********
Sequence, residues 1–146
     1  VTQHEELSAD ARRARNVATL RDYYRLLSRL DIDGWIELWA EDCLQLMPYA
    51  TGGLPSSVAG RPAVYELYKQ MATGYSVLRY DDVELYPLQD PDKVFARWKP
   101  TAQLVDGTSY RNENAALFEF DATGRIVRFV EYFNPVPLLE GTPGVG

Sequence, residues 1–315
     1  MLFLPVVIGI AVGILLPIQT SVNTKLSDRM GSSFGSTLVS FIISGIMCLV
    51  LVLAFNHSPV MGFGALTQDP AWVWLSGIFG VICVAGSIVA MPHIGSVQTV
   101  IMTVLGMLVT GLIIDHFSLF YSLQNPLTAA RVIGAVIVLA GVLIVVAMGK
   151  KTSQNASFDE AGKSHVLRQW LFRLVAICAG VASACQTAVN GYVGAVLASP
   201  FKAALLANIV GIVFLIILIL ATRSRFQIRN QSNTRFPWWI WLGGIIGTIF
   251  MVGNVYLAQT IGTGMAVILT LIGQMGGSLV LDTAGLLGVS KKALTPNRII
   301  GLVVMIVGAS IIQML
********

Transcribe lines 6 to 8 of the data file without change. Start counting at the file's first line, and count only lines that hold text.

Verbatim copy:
     1  MLFLPVVIGI AVGILLPIQT SVNTKLSDRM GSSFGSTLVS FIISGIMCLV
    51  LVLAFNHSPV MGFGALTQDP AWVWLSGIFG VICVAGSIVA MPHIGSVQTV
   101  IMTVLGMLVT GLIIDHFSLF YSLQNPLTAA RVIGAVIVLA GVLIVVAMGK